Support from northerners like you keeps our journalism alive. Sign up here.



‘Bureaucratic black hole’ causes licensing delays for Frontier Lodge

The Łutsël K’é Dene First Nation purchased the Frontier Lodge in December 2019
The Łutsël K’é Dene First Nation purchased the Frontier Lodge in December 2019. Photo: Corey Myers

The Łutsël K’é Dene First Nation says a “bureaucratic mess of the GNWT’s own creation” has prevented its Frontier Lodge from getting a business or liquor licence.

According to a Wednesday news release from the First Nation, the territorial Department of Municipal and Community Affairs (Maca) has refused to issue the lodge a business licence until it reviews policy requirements for licensing remote lodges.

The First Nation says Maca also rescinded a temporary occupancy load permit granted to the lodge in March – a requirement for getting a liquor licence.

“I can’t even begin to understand the thinking behind this decision,” Chief Darryl Marlowe was quoted as saying. 



“Instead of working to support our vision, it seems like Maca is intent on shutting down a successful tourism business by refusing to grant a new licence. The only thing that has changed in terms of the operation is that the lodge is now owned by an Indigenous community, rather than by non-residents of the NWT.”

The First Nation purchased the 60-year-old fishing lodge from its former Alberta-based owners in December 2019. It’s a key part of the community’s plan to build a sustainable local economy, the news release states. 

Along with fishing trips, which Frontier Lodge has always offered, the First Nation plans to expand operations with adventure tours and cultural programming.

It intends for the lodge to become “the gateway to Thaidene Nëné” – a 26,525 square kilometre protected area northeast of Łutselkʼe, that includes a national park reserve and territorial protected areas. 



The First Nation wants the territorial government to exempt the lodge from Maca’s business licence requirement until policy issues have been resolved.

“The GNWT’s failure to consider their own policy gaps shouldn’t be our problem,” Chief Marlowe said.

A muskox in Thaidene Nëné a 26,525 square kilometre protected area northeast of Łutsël K’é.

“It’s hard enough to try to operate a tourism business in the middle of a pandemic, but we didn’t expect to have to fight the GNWT to license a business that has been operating safely and successfully for decades.”

Frontier Lodge general manager Corey Myers has worked at the lodge for 10 years and said it never needed a business licence from Maca until now. The lodge had previously been regulated only by the Department of Industry, Tourism, and Investment, which oversees tourism operator licences. 

Myers said he was unaware of other lodges facing the same challenges with Maca as he doesn’t know of any others in the territory that were recently sold.

‘Bringing us backwards’

According to Myers, Frontier Lodge applied for a business licence from Maca on March 20. It didn’t receive a response until April 24, when the department said it still needed to make policy decisions. 

Last week, the department rescinded temporary occupancy load permits that were granted to the lodge pending a June inspection from a fire marshal.



Myers said that news came only after the lodge decided not to open for the summer due to Covid-19 restrictions.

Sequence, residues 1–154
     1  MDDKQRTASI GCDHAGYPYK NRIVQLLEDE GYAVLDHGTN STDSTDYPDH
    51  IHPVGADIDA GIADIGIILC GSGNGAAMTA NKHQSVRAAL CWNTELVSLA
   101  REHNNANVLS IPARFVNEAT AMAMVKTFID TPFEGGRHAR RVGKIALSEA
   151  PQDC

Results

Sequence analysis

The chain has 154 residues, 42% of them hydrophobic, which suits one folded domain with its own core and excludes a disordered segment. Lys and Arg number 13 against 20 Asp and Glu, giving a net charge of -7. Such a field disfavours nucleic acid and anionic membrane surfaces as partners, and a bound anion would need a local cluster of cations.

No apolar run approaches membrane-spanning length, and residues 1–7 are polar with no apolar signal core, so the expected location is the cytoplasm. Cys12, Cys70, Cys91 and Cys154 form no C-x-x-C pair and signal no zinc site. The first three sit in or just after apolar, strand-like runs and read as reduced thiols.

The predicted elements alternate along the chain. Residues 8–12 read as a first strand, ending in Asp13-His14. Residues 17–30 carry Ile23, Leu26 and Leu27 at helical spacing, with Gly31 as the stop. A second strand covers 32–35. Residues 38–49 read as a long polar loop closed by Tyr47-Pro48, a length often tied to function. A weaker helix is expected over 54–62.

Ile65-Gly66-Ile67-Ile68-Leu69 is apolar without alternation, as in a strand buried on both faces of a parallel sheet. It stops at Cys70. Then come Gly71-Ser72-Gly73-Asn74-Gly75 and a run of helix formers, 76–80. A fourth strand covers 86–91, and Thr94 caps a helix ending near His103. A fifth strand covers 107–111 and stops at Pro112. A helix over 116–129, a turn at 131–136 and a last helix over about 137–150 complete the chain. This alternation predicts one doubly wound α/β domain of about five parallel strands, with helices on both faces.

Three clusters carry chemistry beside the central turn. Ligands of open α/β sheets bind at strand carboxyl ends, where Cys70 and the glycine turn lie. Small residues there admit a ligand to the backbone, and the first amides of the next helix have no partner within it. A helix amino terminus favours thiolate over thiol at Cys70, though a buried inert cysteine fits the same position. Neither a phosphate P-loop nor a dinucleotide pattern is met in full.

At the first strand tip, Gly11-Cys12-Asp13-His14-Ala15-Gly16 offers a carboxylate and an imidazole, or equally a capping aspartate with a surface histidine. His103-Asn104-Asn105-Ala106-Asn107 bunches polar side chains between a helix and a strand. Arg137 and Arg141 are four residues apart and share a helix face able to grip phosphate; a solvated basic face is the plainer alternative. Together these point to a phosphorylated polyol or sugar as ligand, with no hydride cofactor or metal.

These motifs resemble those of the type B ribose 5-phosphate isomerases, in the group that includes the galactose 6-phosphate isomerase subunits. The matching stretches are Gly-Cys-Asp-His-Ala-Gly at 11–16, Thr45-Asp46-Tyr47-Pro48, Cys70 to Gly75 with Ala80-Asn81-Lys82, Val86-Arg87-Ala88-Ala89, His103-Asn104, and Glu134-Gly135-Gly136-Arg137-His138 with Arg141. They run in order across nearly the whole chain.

“I’m not going to say it made the decision not to open any easier, because it didn’t come into play, but it’s still a stress during the most stressful time I can think any business would be in right now,” he said.

Myers called the lack of policies and procedures around licensing remote fishing lodges in the NWT a “bureaucratic black hole.” He said, to his knowledge, a fire marshal has never inspected a remote lodge in the territory. 

“At this point it seems like Maca’s hands are tied and they can’t issue anything.”

The only advice Maca has given Frontier Lodge, Myers said, is to withdraw its licence application until policy issues are resolved. He said the lodge does not want to have to go through the process of reapplying for licences.

“There’s been no clarity, there’s been no direction other than to withdraw our application which is bringing us backwards, literally backwards,” he said.

GNWT had been ‘lenient’ with remote lodges

Steve Norn, the MLA for Tu Nedhé-Wiilideh, raised the issue in the Legislative Assembly on Wednesday.

Norn questioned why Frontier Lodge is now required to have a business licence from Maca and why its approval has been delayed. 



Premier Caroline Cochrane answers a question in the legislature in May 2020.

Norn called the lodge “one of the premier fishing lodges in the NWT” and said the territory “cannot afford to lose any of its tourism operators.”

Premier Caroline Cochrane, who took over as minister of Maca in April, said there has always been a policy requiring remote tourism operations to have a business licence and an occupancy permit to get a liquor licence.

Until now, she said, the government has been a “little bit lenient” with lodges, but a review of the Fire Prevention Act had confirmed these requirements.

“We want to help them but we also have to make sure that people do follow the law,” she said.

Cochrane said some of the delay in approving Frontier Lodge’s application is due to the pandemic, and acknowledged her government should accept some blame. She said she plans to address the issue by reaching out and working with the lodge. 

“We’re not trying to set businesses up to fail, we’re trying to support them,” she said. “We will work with people. We want people to succeed in the NWT.”

Chief Marlowe was unavailable for comment beyond his statements in the Łutsël K’é Dene First Nation’s news release. 

The department of Municipal and Community Affairs did not respond to a request for comment by the time of publication.

Ollie Williams contributed reporting.